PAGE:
Categories

A sample text widget

Etiam pulvinar consectetur dolor sed malesuada. Ut convallis euismod dolor nec pretium. Nunc ut tristique massa.

Nam sodales mi vitae dolor ullamcorper et vulputate enim accumsan. Morbi orci magna, tincidunt vitae molestie nec, molestie at mi. Nulla nulla lorem, suscipit in posuere in, interdum non magna.

Marios Kyriazis

when it is used as an eyedrop. But acetylcarnosine as an eyedrop is quite resistant to the enzymatic processes that break down carnosine. Carnosine is broken down by the enzyme carnosinase, and if we give carnosine eye drops it would soon break down before it can have a chance to work properly in the eye. But acetylcarnosine is resistant to carnosinase, therefore it is not easily broken down in the eye, and it remains around to produce its effects. But acetylcarnosine as a capsule or a tablet in the body is not as effective as simple carnosine in tablet form. So we have this difference between the two. One is effective as a tablet but not as an eyedrop. The other one is effective as an eyedrop but not as a tablet. This is due to the enzyme carnosinase in the eye, which breaks carnosine down easily.

David: What sort of benefit does acetylcarnosine have on the eyes?

Dr. Kyriazis: It helps the eye in different ways. Most importantly, acetylcarnosine helps patients who have cataracts. There’s quite a lot of research showing that carnosine not only prevents the formation of cataracts, but most importantly it reverses existing cataracts as well. So it can be used as a treatment for existing cataracts, and one can actually avoid the need for an operation. This is something that not many people know. But I think it’s a very good development, and now it’s being promoted all over the world. I was in Russia a few days ago, where we had a seminar examining the beneficial effects of acetylcarnosine on cataracts. There are also benefits with other eye diseases. For example, it helps people who suffer from glaucoma or macular degeneration. It also helps people who wear contact lenses, or people who work in front of the computer and get tired eyes or itchy sore eyes. It has been shown that acetylcarnosine eyedrops work very well to prevent all these eye conditions.

David: In general, what sort of relationship do you see between stress and health, and how can a certain degree of physical or mental stress–such as through caloric restriction–actually benefit our health?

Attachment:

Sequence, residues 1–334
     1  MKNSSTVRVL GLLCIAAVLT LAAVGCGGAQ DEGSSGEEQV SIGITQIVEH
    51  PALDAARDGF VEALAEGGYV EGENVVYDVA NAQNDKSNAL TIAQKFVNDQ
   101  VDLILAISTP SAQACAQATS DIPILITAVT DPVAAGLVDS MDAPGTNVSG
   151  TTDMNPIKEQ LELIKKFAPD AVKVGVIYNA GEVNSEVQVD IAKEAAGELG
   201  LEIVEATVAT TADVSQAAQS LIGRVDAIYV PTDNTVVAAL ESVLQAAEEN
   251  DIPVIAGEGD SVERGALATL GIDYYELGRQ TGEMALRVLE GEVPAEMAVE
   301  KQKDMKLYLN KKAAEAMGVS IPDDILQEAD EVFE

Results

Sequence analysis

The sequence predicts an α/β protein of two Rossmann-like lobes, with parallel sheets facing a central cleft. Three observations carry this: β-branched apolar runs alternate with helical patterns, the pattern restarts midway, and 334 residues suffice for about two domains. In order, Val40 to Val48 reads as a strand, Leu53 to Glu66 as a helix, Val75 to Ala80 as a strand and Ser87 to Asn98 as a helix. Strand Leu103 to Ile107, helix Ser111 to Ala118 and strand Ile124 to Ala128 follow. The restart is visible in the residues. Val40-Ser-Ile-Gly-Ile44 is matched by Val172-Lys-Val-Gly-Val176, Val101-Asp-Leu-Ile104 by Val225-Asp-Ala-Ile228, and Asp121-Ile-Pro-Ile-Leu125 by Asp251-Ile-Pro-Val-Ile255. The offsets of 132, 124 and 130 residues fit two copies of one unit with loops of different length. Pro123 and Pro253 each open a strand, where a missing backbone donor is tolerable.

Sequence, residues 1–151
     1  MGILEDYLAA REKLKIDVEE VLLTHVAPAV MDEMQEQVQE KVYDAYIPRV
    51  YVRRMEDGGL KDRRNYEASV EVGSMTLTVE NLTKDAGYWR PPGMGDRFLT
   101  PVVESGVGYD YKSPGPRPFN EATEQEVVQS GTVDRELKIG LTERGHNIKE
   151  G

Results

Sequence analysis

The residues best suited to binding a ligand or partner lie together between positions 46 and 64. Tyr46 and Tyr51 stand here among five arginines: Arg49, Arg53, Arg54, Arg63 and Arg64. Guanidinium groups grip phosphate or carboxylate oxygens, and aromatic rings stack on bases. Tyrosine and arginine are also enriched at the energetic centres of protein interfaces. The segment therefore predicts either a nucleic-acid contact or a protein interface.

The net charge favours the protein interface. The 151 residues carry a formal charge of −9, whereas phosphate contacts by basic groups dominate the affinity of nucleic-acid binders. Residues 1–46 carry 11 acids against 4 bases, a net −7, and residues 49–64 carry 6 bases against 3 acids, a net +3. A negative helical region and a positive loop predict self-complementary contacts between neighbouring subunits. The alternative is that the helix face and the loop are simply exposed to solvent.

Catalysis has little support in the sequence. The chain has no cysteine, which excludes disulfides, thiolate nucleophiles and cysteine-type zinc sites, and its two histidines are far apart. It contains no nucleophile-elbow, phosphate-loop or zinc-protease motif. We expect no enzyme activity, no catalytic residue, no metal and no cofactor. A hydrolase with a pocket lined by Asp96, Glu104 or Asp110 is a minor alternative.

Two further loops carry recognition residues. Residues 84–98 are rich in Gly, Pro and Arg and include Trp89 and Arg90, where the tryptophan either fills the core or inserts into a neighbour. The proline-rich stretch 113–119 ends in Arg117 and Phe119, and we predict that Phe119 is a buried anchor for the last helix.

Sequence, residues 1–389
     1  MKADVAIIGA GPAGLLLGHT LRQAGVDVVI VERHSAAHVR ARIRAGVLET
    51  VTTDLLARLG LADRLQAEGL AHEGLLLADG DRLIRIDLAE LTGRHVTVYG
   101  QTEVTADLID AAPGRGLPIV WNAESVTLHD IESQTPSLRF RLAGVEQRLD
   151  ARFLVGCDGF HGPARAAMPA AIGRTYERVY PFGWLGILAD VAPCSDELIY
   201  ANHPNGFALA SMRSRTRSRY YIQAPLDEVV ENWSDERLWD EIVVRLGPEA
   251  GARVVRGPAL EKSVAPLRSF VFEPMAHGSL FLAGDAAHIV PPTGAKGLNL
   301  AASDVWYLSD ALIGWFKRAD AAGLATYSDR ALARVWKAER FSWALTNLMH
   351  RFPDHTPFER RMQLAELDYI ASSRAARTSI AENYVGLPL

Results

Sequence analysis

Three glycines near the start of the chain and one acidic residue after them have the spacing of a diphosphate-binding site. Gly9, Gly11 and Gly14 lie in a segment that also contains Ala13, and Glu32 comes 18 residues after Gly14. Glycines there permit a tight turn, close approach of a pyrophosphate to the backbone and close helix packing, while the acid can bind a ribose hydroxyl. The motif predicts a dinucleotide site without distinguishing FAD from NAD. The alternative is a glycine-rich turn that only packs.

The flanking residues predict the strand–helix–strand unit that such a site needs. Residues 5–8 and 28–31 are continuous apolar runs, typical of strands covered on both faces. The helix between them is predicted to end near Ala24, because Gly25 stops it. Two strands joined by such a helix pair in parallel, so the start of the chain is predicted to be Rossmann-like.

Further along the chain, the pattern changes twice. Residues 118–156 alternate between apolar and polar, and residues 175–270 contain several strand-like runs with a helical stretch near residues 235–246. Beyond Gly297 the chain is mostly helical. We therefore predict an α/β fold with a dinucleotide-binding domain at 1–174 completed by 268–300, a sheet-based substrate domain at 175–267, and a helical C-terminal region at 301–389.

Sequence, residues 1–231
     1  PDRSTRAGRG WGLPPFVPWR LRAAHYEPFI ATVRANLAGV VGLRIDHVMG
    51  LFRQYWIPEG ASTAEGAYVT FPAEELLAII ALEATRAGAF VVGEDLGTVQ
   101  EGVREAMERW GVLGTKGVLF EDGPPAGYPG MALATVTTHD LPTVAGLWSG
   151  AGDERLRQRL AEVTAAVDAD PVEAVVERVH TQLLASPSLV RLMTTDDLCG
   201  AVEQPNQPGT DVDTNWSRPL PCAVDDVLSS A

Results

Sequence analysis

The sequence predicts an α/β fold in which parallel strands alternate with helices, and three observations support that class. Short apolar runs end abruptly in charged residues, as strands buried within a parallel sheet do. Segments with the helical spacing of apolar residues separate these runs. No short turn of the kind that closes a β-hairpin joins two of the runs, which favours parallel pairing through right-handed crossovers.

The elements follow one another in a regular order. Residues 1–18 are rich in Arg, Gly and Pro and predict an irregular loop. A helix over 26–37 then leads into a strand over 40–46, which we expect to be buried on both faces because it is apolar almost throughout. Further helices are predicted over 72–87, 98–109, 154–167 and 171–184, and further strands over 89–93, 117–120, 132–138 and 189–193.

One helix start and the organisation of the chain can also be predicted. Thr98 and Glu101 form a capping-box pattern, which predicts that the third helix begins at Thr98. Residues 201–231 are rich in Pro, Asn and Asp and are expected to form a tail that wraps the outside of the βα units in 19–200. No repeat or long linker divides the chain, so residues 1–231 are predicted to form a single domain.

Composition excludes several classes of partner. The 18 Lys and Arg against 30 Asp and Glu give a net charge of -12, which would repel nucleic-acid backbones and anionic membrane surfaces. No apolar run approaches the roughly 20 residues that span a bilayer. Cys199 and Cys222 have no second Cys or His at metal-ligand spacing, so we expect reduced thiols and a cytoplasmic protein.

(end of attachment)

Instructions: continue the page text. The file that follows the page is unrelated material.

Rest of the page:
Dr. Kyriazis: This is based on the concept of hormesis. Hormesis means that after mild stimulation different biochemical processes are activated that try to repair the mild damage that happens to the body, and in trying to repair this damage they also repair any coexisting age-related damage. So if we are able to activate this process by different means so that our body will then repair the damage on its own. And research shows that we can activate it with different things–like putting an experimental animal in high-gravity conditions, high temperature, or increasing radiation. But these concepts don’t apply to human beings.

Concepts that do apply to human beings are stress and stimulation by, say, calorie restriction, or by certain physical exercises, mental exercises, or by keeping the body active in different ways–by keeping it alert, by not following certain routines, by constantly changing one’s lifestyle and keeping the body constantly stimulated. This activates hormesis which repairs damage in different parts of the body. So although people say stress is bad for you, I think what they mean is that excessive stress is bad for you. Mild stress isn’t bad for you, and, in fact, mild stress is beneficial. I don’t think that people who try to avoid stress altogether are doing themselves any favors.

I think that we should keep ourselves mildly stimulated all the time. And looking forward to the future, we are working with some of the scientists who developed the concept of hormesis to develop a type of mechanical stimulation. For example, putting human beings into something that is equivalent to a fair ground ride, where they go into increased acceleration, which simulates hyper-gravity. Or mildly increased radiation through a sauna. This would be like a small booth, and when people go in it’s very hot. But instead of having only heat, in addition you have mildly increased radiation. So people go and have their sauna, their steam bath or whatever, but there is also background radiation to stimulate their hormetic mechanism. And that would be commercially available, but at the moment it’s not. It is still under investigation. But apart from ordinary stress and stimulation there could be mechanical ways of stimulating hormesis.

David: What advice would you give to someone who is looking to improve their mental performance?